Even engineering students sometimes wear superhero capes!

Belinda Bantham -- Mon, 10/21/2019 - 08:59

Even engineering students sometimes wear superhero capes!

One of Albert Einstein’s most famous quotes is: “We can’t solve problems by using the same kind of thinking we used when we created them.”

This is certainly the mind-set of second-year students at the Faculty of Engineering at the North-West University (NWU) who recently had their first taste of the engineering world when they had the opportunity to work on practical local community projects.

Various projects were tackled with the aim of improving the quality of life of the local community. Some projects were identified by themselves, but most of them were needs from various areas in the local community.  Under the leadership of Hannes du Toit and Pieter Tolmay various projects were identified.

“Clients had different concepts and development needs. After they saw what we had achieved in the past, they realised that our students could address their development needs,” explains Hannes.

“We naturally jumped at the opportunity and these projects became part of the subject Professional Practice.”

He explains that the projects not only provide the students with a broader framework of the whole engineering process, but they also create the practical opportunity for exposure in the students’ second year of study.

More than 50 student groups recently showcased their products during a final exhibition. Although this will be the last year that this subject is taught at the Faculty of Engineering, it did not dampen this group of second-years’ enthusiasm.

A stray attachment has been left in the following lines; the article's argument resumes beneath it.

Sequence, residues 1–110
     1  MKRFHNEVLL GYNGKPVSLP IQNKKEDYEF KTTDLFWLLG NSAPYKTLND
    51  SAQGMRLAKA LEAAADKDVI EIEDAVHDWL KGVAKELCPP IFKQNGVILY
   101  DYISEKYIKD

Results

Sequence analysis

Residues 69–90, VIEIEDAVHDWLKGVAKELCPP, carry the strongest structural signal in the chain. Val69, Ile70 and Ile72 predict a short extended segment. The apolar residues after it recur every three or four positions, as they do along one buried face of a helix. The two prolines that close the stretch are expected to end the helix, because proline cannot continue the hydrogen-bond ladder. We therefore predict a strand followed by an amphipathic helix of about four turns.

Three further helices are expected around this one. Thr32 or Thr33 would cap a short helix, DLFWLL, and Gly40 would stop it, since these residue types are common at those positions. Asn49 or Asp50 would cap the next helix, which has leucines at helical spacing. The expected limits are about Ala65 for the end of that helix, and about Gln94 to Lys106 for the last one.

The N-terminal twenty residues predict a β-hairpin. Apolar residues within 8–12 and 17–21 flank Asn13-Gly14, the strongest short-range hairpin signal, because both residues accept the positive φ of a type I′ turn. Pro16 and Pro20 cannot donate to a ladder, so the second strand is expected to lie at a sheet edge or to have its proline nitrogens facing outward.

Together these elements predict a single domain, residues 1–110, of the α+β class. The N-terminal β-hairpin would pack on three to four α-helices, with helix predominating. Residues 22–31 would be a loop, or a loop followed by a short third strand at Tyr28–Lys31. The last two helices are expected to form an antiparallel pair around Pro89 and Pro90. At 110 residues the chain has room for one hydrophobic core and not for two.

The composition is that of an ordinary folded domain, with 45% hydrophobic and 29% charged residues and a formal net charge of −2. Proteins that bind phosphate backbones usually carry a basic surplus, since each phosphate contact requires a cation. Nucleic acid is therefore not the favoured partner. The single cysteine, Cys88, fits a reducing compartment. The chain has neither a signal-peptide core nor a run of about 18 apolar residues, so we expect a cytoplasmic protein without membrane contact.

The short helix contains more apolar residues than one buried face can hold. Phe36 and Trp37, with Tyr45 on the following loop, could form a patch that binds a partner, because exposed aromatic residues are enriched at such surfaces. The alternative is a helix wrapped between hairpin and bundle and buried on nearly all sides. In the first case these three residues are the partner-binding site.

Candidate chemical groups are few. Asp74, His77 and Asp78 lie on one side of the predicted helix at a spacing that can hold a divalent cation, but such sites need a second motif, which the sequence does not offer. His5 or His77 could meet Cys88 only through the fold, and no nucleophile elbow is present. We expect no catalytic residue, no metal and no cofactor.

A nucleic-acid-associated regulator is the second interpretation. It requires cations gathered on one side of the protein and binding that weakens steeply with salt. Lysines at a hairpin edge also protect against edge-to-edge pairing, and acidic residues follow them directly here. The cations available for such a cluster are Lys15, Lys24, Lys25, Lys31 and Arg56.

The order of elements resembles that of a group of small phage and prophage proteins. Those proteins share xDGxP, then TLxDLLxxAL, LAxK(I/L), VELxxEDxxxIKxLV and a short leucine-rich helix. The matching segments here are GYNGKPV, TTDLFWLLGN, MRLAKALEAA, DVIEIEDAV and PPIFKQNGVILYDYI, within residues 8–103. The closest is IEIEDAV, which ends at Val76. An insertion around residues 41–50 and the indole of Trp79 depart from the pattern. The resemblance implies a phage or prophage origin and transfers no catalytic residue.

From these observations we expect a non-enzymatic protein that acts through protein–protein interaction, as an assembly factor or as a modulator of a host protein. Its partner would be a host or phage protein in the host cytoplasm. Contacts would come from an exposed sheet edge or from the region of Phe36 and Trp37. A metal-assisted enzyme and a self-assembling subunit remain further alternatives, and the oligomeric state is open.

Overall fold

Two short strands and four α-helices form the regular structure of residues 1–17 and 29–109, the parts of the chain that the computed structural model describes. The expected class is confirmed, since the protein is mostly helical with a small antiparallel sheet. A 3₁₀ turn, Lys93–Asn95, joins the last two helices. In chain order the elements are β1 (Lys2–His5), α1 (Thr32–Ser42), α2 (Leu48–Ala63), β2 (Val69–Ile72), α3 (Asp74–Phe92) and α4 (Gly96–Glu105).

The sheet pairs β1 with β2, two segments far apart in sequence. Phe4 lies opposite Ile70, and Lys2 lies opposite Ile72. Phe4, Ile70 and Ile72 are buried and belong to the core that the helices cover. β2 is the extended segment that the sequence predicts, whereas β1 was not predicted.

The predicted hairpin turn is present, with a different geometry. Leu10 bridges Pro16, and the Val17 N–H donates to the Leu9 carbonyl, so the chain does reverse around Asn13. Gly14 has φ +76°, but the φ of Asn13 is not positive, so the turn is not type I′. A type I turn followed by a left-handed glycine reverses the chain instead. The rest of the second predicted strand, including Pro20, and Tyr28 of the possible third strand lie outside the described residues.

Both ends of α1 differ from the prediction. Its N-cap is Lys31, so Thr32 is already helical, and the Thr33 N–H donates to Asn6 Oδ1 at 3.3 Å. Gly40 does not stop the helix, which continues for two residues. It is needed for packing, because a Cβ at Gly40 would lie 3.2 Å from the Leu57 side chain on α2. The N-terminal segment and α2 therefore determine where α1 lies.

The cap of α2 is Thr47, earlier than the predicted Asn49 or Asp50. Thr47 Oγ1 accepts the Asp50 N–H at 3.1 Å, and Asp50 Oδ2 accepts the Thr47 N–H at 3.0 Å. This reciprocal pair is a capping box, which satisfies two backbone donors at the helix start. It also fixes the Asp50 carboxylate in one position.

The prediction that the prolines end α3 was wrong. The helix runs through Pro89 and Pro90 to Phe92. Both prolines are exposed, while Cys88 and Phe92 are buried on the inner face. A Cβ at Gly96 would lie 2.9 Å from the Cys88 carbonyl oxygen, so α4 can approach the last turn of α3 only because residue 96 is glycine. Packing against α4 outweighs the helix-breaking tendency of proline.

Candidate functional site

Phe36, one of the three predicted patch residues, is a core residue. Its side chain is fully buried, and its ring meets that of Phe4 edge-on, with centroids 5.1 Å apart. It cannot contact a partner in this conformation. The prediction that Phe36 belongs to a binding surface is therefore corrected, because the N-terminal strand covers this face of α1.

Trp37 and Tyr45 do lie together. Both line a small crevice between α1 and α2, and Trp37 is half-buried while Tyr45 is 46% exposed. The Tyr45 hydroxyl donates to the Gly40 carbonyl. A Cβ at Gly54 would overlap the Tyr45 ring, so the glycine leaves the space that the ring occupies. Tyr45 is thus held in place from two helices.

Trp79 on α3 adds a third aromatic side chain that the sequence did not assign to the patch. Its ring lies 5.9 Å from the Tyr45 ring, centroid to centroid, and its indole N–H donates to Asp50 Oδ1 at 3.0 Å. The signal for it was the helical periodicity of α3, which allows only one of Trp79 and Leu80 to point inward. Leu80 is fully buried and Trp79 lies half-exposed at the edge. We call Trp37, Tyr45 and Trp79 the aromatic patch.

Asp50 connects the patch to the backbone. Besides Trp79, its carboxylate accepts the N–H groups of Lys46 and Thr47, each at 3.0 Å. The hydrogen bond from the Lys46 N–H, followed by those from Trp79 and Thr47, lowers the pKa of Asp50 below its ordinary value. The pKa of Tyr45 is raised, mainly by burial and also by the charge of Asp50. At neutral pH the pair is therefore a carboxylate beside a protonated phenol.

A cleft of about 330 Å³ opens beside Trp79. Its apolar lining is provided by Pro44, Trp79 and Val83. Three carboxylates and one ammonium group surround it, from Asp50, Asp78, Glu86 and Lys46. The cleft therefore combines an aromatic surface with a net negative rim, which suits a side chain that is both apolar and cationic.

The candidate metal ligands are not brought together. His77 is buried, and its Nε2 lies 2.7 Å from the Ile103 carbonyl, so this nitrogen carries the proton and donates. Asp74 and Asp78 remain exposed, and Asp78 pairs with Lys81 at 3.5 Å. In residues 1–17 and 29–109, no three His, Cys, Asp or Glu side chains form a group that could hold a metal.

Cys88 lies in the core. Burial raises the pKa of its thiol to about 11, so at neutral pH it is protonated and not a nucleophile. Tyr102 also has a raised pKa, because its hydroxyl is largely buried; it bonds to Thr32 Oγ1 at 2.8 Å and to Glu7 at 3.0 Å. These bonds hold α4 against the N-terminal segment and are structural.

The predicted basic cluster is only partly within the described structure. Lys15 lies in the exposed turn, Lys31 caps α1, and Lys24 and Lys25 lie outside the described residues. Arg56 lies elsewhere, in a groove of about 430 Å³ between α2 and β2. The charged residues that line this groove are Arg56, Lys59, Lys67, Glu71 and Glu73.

According to Hannes it is sad that the subject will not be presented from 2020 onwards, as it gave undergraduate students a taste of what they could expect in practice. Various organisations like the Potchefstroom Hospital, Cross Connect and the Potchefstroom Animal Welfare Society (PAWS), benefited from these projects.

According to Hannes the faculty will continue with community projects, but with a multidisciplinary approach.

“The plan is to have a five- to eight-year plan for every project. By keeping the members of the relevant organisation involved with the project during this period, it will eventually become a self-sufficient and sustainable project. The idea is also that this approach will eventually help to address unemployment in the communities involved.”

The building and engineering work was previous handled by first-year students, but Hannes has changed that since last year so that the second-year students now have to handle this. “This was ’n good decision, as we definitely can see an end product of a better quality.”

Apart from the building work, the students also have to handle the planning, marketing, finances and implementation successfully themselves. “These projects prepare the students for the reality that they have to face one day. Many former students who have contacted me in the past could not stop talking about the value of what they have learnt here,” says Hannes.

The students built various items of playground and gymnasium equipment. Among other things they built a wheelchair obstacle course for the Potchefstroom Hospital.  

“Every organisation to whom we spoke compiled a kind of wish list for us. We wanted to make sure that the project does not bore the students, but it also should not be so difficult that it is not feasible,” says Hannes.

Collapsible book shelves, a device that can produce ropes from two-litre plastic bottles, classrooms and greenhouses that can be assembled and disassembled quickly, feed mixers, mobile baths for animals, and a safe pit toilet that prevents children falling into the hole, are only a few of the innovative ideas that the students came up with.

“We now look forward to taking the faculty’s community engagement to the next level, and to continue to make a real difference in people’s lives.”

This is a part of the wheelchair obstacle course that was built for the Potchefstroom Hospital.

 

This group of students built a collapsible dog bath.